St. Paul is the capital of the state of Minnesota, and together with Minneapolis it makes up the Twin Cities. While I’m a Minneapolis girl through and through, I can’t deny that St. Paul has lots to see and do!

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Since I lived only a few blocks from the city border and have spent quite a lot of time working in St. Paul over the last five years, I think I’m qualified to share some of my expertise. While St. Paul isn’t as large as Minneapolis, there’s lots to do in both the downtown area and surrounding neighborhoods. Here are my top 20 things to do in St. Paul!

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1. Marvel at the Cathedral of St. Paul

As the third largest church in North America, you can’t miss a visit to the Cathedral of St. Paul. Sitting on a hill overlooking downtown, close to both Summit Avenue and Selby Avenue, it is the site of the National Shrine of the Apostle Paul and on the National Register of Historic Buildings. It boasts a stunning and beautiful interior, with tours at 1:00pm Tuesday-Friday. It’s free to enter, and they have a (free) parking lot for visitors.

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2. Have fun at Como Park Zoo and Conservatory

Open 365 days a year, the Como Park Zoo and Conservatory packs a double punch in one attraction. You can see everything from giraffes to polar bears in the zoo, and wander through the conservatory greenhouses to see the collection of all kinds of different plants and flowers. Don’t miss the Sunken Garden in the Conservatory. Both the zoo and conservatory are free (!) and have free parking lots for visitors.

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3. Explore Lowertown

This up and coming, happening neighborhood at the edge of downtown St. Paul is the new place to be. Full of old warehouses (many of which are artist studio lofts), there’s so much to do and see in this lively and diverse area. The Farmer’s Market, Mears Park (bonus points if you go around lunchtime for the food trucks), the Union Depot building, and the many art galleries are just some of the highlights of the neighborhood! Don’t miss the newly renovated scratch kitchen and Saturday Night Jazz at Black Dog Lowertown, a mainstay in the neighborhood since 1998.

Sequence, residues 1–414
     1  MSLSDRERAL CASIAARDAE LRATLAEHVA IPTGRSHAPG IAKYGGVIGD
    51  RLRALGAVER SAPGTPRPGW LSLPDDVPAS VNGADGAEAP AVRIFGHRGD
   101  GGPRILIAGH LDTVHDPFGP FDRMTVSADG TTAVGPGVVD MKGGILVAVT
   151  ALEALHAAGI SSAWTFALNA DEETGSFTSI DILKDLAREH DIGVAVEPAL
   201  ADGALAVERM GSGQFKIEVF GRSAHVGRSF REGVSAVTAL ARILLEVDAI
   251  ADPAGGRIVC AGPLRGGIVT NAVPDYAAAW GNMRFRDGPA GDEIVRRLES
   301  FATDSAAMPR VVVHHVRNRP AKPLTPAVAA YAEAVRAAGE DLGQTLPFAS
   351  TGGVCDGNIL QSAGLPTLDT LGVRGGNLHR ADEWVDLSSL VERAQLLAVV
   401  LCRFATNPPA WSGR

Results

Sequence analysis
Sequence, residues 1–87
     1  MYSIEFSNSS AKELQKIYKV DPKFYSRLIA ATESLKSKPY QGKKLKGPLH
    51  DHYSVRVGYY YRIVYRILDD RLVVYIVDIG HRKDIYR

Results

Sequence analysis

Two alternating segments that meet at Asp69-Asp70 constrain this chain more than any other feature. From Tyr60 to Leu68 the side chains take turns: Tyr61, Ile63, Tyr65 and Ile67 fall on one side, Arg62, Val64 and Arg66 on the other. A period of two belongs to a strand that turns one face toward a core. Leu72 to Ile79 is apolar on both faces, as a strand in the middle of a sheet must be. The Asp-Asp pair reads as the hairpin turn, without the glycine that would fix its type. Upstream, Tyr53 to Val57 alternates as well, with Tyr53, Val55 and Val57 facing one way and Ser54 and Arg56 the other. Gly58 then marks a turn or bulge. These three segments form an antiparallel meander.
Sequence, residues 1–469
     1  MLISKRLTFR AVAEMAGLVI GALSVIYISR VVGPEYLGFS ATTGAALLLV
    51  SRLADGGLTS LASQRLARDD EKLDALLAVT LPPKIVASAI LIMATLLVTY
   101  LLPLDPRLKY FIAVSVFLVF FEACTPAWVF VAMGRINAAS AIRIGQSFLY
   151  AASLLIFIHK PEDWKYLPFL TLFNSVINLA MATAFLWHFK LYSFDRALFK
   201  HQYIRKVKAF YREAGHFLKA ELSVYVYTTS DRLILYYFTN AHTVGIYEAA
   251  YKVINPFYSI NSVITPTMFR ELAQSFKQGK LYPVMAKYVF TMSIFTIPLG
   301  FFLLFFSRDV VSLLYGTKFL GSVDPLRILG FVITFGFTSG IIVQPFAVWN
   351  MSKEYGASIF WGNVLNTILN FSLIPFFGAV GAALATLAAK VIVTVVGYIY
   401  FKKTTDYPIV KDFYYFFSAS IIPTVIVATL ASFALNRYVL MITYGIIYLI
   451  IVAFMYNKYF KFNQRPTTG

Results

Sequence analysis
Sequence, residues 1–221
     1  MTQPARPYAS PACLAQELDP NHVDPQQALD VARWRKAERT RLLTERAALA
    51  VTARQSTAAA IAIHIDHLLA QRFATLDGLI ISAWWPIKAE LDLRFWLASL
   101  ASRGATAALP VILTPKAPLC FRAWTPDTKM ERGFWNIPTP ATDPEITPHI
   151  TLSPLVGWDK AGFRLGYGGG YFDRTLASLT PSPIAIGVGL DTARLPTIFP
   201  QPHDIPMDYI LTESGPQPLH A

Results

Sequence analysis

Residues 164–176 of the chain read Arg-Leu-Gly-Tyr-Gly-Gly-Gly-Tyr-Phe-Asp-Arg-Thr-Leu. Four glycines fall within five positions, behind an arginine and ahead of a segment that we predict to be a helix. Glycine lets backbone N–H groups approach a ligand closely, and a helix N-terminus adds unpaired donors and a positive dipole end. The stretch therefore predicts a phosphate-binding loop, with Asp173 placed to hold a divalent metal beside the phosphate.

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4. See a Saints game at CHS Field

While you’re in Lowertown, you absolutely can’t pass up the opportunity to catch a St. Paul Saints game at their new stadium, CHS Field. The minor league games are always fun and quirky, there’s great food (and an entire local craft beer stand), and the stadium is innovative and aesthetically blends in with the warehouses in the area. I guarantee it’ll be one fun night of baseball!

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5. Take a (driving) tour down Summit Avenue

Summit Avenue has the largest stretch of Victorian mansions in the country, so it’s one place you absolutely must visit. The houses are gorgeous and simply incredible, along with several historic homes, including the James. J. Hill House (see number 12 below!), the F. Scott Fitzgerald House, and the Governor’s Mansion. You can easily drive or bike, but if you want more information, the Minnesota Historical Society runs guided walking tours on weekends in the summer.

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6. Go shopping on Grand Avenue

Grand Avenue is one of the best shopping areas in St. Paul. While there are regular brand name stores, there’s some great finds at the local and independent shops in the area. There’s great options for eating as well—Grand Ole Creamery, Colossal Café and Bakery, and French Meadow Café and Bakery are some of my top picks! And of course, any neighborhood that booed and hissed the mayor out of a town hall meeting when he (unsuccessfully) tried to install parking meters gets a big gold star from me.

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7. Relax at Harriet Island Park

Located across the river from the main area of downtown St. Paul, this beautiful park is one you can’t miss. It’s a great starting point to get onto the trails on this side of the Mississippi River if you’re feeling active, or just a nice place to hang out when the weather’s good. If you can, book a cruise on one of the Padelford Riverboats at the weekend and enjoy the view while floating down the river!

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8. Take a tour of Summit Brewing Company

The first of Minnesota’s many craft breweries, Summit is an institution beloved by Twin Cities residents and Minnesotans alike. Pay homage to the microbrew industry and take a tour of the facilities! Tours need to be booked in advance, but they’re free. A non-perishable food donation is requested per person instead of charging for admission. There’s a huge parking lot.

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9. Go underground at the Wabasha Street Caves

If you’re looking to learn about St. Paul’s gangster history, look no further than the Wabasha Street Caves. Originally used as a mushroom farm, the caves became a speakeasy popular with the mobsters in St. Paul, smuggling booze during Prohibition, and then a restaurant/club. Today the space is used for events and hosts a Swing night on Thursdays. Check online for tour times to see the Historic Caves (or the St. Paul Gangster bus tour), and bring cash.

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10. Visit the Landmark Center